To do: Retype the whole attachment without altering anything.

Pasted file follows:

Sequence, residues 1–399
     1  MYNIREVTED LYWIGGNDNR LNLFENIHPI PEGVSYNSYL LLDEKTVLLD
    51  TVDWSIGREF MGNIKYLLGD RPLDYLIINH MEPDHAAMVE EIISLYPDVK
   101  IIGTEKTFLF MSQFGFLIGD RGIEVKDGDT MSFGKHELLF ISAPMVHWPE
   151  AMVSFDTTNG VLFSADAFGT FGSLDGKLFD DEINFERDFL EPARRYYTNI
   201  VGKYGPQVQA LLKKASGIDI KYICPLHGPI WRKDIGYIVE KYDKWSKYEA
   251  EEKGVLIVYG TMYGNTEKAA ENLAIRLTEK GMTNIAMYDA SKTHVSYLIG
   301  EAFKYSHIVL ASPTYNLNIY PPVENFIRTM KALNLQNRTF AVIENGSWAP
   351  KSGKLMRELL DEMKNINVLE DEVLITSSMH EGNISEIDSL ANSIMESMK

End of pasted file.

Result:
Sequence, residues 1–399
     1  MYNIREVTED LYWIGGNDNR LNLFENIHPI PEGVSYNSYL LLDEKTVLLD
    51  TVDWSIGREF MGNIKYLLGD RPLDYLIINH MEPDHAAMVE EIISLYPDVK
   101  IIGTEKTFLF MSQFGFLIGD RGIEVKDGDT MSFGKHELLF ISAPMVHWPE
   151  AMVSFDTTNG VLFSADAFGT FGSLDGKLFD DEINFERDFL EPARRYYTNI
   201  VGKYGPQVQA LLKKASGIDI KYICPLHGPI WRKDIGYIVE KYDKWSKYEA
   251  EEKGVLIVYG TMYGNTEKAA ENLAIRLTEK GMTNIAMYDA SKTHVSYLIG
   301  EAFKYSHIVL ASPTYNLNIY PPVENFIRTM KALNLQNRTF AVIENGSWAP
   351  KSGKLMRELL DEMKNINVLE DEVLITSSMH EGNISEIDSL ANSIMESMK